Mesquite’s Brickyard Cemetery memorialized after decades of limbo

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MESQUITE — After decades of obstacles, the city of Mesquite is finally able to properly memorialize the Brickyard Cemetery.

With a century long history, the memorial seems to be well overdue.

The land was originally owned by Schuyler Marshall of the Dallas Pressed Brick Company.  Marshall donated a portion of it to his African American workers in the early 1900s.

Among cemetery plots, he also set aside property for a school, church and homes.

After the plant was sold in the 1920s, the cemetery seemed to get a little lost in translation.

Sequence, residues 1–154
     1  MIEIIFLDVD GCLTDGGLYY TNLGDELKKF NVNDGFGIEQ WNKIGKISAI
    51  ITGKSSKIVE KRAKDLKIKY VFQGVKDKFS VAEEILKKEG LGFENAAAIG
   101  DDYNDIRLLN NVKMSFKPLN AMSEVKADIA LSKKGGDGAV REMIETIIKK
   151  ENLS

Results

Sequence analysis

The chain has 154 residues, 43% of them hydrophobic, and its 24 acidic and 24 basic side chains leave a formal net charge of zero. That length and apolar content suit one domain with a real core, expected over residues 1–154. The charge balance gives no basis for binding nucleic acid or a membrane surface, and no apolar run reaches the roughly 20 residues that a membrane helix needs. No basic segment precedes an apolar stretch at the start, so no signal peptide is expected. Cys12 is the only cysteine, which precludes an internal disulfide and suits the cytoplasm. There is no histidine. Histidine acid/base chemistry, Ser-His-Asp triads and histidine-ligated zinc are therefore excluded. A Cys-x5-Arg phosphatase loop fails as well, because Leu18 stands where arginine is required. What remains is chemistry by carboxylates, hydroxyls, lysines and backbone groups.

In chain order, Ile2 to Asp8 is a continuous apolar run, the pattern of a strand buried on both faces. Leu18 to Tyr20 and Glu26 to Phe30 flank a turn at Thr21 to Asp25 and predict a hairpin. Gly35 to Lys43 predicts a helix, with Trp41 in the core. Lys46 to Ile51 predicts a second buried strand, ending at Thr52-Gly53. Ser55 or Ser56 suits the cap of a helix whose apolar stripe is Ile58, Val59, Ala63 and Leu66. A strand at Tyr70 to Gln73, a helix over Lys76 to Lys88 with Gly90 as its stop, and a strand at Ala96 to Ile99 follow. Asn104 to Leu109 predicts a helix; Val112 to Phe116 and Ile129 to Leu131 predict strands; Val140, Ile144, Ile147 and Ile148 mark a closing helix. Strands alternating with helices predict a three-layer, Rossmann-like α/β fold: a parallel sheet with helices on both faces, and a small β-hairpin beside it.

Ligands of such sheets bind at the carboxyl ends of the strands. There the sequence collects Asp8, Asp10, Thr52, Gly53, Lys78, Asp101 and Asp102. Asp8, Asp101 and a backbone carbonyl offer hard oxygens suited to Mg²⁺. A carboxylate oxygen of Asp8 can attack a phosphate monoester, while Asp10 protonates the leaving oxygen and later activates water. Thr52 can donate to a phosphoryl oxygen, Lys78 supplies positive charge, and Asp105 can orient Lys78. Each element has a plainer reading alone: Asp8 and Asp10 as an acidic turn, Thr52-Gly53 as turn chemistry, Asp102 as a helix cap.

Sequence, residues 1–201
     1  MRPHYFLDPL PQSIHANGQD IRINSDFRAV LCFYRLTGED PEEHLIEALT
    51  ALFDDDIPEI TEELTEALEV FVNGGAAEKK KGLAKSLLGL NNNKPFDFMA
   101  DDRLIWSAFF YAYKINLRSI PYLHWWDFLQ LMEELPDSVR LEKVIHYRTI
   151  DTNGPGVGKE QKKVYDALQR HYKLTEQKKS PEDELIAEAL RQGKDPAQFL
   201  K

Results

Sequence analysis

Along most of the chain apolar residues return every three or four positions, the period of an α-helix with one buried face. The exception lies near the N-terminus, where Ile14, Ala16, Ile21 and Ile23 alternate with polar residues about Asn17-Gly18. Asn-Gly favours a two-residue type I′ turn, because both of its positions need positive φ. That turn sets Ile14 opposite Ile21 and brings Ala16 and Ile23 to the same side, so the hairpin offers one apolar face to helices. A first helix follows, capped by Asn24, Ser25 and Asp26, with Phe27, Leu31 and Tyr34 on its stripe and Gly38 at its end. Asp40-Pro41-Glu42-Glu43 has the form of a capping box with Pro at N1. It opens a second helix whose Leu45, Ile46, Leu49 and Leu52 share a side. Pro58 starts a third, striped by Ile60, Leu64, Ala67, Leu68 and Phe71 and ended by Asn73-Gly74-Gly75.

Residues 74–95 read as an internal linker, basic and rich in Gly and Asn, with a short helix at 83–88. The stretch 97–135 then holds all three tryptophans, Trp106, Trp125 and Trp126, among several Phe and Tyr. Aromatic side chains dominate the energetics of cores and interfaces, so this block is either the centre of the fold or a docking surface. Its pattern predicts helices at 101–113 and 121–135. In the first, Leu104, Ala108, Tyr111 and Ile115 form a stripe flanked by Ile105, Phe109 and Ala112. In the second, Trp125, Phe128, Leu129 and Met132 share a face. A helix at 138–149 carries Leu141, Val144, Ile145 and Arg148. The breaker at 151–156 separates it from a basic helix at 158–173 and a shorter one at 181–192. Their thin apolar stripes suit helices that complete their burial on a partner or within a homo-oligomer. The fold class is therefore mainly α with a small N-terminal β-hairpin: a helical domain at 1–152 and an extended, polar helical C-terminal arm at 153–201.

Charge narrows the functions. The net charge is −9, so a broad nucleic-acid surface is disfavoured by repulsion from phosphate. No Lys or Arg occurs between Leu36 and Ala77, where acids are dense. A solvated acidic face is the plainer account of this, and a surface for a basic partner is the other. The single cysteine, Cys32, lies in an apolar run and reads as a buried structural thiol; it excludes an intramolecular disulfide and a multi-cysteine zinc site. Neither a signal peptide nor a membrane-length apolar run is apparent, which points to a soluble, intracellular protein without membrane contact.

“African American workers were able to bury their family members on the sight but it was never dedicated in county records. So, we didn’t really know that there was a cemetery here until people in the community started calling us and telling us that they remembered one here,” Charlene Orr with Historic Mesquite, Inc. said.

So, in 2005 a Brickyard Cemetery Committee formed, and they created a plan for a proper memorial to preserve DFW’s history.

“Through some work with Historic Mesquite and the local NAACP, we were able to do a survey of the sight and protect it and try to tell the story,” Mesquite City Manager Cliff Keheley said.

After more than 20 years, they’ve made it happen.

“We’re just happy to be here. We’re happy that these people will never be forgotten again,” Orr said.

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